To me, one of the signs that you’re a real man – an adult, not a boy in a grown-up’s body – is that you don’t have anything to prove.
Forget trying to prove you’re a man; just be one.
Of course, to do this we have to come to a place of security in our God-ordained identity, not just as a human being but as a man (or a woman, but I’m talking particularly to men here), and not just as a man but as me.
And therein lies the difficulty, which is why so many of us men get stuck in the endless insecure loop of having to prove ourselves over and over again.
The Real Man doesn’t need to swagger and brag. Does an iceberg keep leaping out of the water to show everyone how big it is? A true man goes through life without the swagger of insecure arrogance. Head up and shoulders back, as my wife puts it, not compromising or downgrading who they are either, but strong where it counts: in their character and inner sense of self.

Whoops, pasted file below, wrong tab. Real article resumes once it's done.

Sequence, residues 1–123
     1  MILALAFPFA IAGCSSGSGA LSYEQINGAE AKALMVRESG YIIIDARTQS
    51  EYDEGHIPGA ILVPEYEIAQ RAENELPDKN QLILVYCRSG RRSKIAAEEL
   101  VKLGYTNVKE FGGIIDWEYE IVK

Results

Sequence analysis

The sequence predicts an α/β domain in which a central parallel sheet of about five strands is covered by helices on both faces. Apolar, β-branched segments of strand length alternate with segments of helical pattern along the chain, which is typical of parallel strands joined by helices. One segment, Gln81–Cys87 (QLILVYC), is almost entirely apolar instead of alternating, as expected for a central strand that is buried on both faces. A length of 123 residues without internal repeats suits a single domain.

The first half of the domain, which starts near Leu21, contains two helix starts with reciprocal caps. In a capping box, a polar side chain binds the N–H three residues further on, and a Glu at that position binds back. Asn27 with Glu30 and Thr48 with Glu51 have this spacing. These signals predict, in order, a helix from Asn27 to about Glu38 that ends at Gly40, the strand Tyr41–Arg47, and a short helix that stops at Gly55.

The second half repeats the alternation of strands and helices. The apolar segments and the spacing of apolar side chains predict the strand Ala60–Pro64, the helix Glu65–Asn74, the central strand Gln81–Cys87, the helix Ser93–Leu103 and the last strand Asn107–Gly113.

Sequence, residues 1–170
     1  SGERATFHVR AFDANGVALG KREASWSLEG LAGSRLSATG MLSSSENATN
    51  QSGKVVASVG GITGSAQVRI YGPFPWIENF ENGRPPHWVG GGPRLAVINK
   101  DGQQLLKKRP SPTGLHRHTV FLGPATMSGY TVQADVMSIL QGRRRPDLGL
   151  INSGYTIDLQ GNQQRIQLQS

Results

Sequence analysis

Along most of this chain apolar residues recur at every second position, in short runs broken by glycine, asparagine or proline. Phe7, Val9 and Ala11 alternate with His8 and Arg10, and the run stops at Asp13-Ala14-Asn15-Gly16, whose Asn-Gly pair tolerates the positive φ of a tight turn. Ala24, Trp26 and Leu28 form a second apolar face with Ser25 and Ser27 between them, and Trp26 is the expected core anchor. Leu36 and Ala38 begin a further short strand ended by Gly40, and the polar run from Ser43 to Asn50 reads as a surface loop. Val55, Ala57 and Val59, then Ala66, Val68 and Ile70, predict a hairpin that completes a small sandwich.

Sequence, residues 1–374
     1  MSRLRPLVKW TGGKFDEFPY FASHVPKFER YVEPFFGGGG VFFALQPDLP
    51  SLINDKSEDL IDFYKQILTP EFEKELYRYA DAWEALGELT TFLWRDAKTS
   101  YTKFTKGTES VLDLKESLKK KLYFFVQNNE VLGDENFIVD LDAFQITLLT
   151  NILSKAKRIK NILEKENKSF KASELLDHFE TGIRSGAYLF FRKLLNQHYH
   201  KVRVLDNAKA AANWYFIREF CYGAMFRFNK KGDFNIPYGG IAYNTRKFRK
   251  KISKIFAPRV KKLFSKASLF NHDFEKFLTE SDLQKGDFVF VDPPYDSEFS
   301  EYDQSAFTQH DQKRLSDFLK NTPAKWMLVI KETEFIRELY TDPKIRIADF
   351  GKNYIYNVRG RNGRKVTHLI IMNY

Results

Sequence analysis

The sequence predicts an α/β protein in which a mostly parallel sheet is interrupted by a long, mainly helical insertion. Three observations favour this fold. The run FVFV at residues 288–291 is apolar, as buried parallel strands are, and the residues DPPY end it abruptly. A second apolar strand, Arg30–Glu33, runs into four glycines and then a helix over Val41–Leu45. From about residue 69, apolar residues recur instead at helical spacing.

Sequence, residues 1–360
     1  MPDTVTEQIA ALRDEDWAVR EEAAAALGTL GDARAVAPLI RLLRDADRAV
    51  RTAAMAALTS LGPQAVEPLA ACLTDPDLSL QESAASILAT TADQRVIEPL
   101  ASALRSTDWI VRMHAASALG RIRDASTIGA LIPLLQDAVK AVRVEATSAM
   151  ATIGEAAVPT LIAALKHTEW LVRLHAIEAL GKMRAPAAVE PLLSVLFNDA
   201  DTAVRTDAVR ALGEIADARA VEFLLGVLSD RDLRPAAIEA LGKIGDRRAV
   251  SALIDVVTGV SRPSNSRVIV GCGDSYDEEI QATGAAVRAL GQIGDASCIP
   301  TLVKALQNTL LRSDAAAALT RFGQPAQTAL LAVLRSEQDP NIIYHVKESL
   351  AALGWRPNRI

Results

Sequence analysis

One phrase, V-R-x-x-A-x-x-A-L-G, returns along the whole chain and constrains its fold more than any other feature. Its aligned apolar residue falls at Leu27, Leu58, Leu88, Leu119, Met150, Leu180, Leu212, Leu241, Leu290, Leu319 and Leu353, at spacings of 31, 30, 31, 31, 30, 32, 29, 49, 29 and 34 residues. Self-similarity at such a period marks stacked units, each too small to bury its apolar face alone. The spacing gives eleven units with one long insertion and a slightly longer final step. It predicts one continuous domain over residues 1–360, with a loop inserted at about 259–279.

For me, one of the big things has been getting my heart around the idea that God doesn’t think I’m junk. I’ve talked about this before, but being told (as we are so many well-meaning times) that “you may think you’re junk, but God loves you and paid a high price for you” did little to squash my inner conviction that I was junk. Junk that God happened to love and was willing to pay an outrageous price for, but junk nonetheless.
I needed something extra, and it came in the realisation of some of the implications of God’s omniscience. As I said before, the implication that God is all-seeing means that He sees everything as it really is, without camouflage or falsehood or mistake. So if He says I’m worth the price He paid, that is my true value. Jesus loves me, this I know. Do not be afraid.
How can I possibly need to prove anything?